Ted Bundy: American Boogeyman REVIEW – Ain’t No Boogey Wonderland

Maybe we've hit our quota on Ted Bundy movies.

Ted Bundy: American Boogeyman
Ted Bundy: American Boogeyman

With Elijah Wood’s No Man of God getting an end-of-month release, you begin to wonder if it’s the season of Ted Bundy or something, though two films about him in the same month does seem like overkill. While the verdict’s out on No Man of God, director Daniel Farrands’ Ted Bundy: American Boogeyman, on the other hand, is the kind of film that exists, and you wonder why.

Chad Michael Murray plays Bundy here, wandering through the film with a kind of swagger but never exuding a credible malice. Just because Zac Efron had a measure of success with the role does not mean every former teen heartthrob should also try their hand at it.

Murray’s portrayal involves a lot of stares, creepily driving past women walking alone on sidewalks, intrusively peering into houses, and yet, it feels more laughable than scary. The film uses low angles frequently to establish Bundy’s dominance and power, but there is just nothing menacing there. There’s also this badly-conceived kink scene involving mannequins that defies explanation, so I won’t say anything more about it.

The rest of the cast fare no better – Jake Hays as Robert Ressler is snooze-worthy, and Holland Roden, who did great work on MTV’s Teen Wolf, just doesn’t have much to work with. To compensate for Hays’ bland ways, she over-emotes, and tries very hard to make the script work, but her efforts are wasted because everyone else just can’t act. Her conversations with the captain and his son are some of the most bizarre parts of the film – none of them feel like real conversations, and nobody feel like real police. Authenticity – specifically the lack thereof – is a big issue in the film.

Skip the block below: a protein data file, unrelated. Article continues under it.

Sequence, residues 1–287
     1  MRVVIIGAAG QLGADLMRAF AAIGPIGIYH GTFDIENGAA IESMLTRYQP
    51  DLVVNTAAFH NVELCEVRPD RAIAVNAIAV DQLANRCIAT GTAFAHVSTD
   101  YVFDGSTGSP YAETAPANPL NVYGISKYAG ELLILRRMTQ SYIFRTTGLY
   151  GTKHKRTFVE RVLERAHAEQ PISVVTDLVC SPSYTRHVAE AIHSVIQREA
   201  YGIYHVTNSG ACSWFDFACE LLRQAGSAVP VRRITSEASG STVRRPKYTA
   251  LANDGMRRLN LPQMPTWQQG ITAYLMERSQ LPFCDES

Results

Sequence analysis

After Bundy’s escape from prison, there were swarms of police all over the country on the look-out for him, and a sprawling taskforce handling his case. In Farrands’ film, there’s only Robert and Roden’s Kathleen, and a few others here and there. Visually, this is certainly not the manhunt the film proclaims it’s about. Despite being set in the 70s, everything looks remarkably modern, especially Roden and Greer Grammer’s looks and costuming – the only thing that felt like the 70s was the god-awful moustache they had Murray wear.

The film cuts back and forth between Robert and Kathleen’s ‘detectiving’ and Bundy’s murderous ways, but none of these transitions feel significant. There’s no sense of what the film is trying to convey – is the focus the women that Bundy preyed on, or is it an attempt to get into Bundy’s headspace? It feels irresponsible not to know when you are trying to portray a mass murderer like Bundy. There’s just no care for these women, who are paraded through the film only to be victims for Bundy. Roden’s Kathleen demands justice for his victims, so I find it ironic that the film doesn’t care about anything beyond what it can sensationalise.

While Extremely Wicked, Shockingly Evil and Vile (which has the same producers as Ted Bundy: American Boogeyman) wasn’t the best movie ever conceived, it had a clear intention: a warning about the handsome stranger. It feeds us the façade before dropping the mask to show us the true Ted. This film? I have a feeling Farrands himself doesn’t really know.

Review screener provided.

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Ted Bundy: American Boogeyman
Do we really need another Ted Bundy film, especially one that has nothing insightful to say? No. So why then does Ted Bundy: American Boogeyman exist?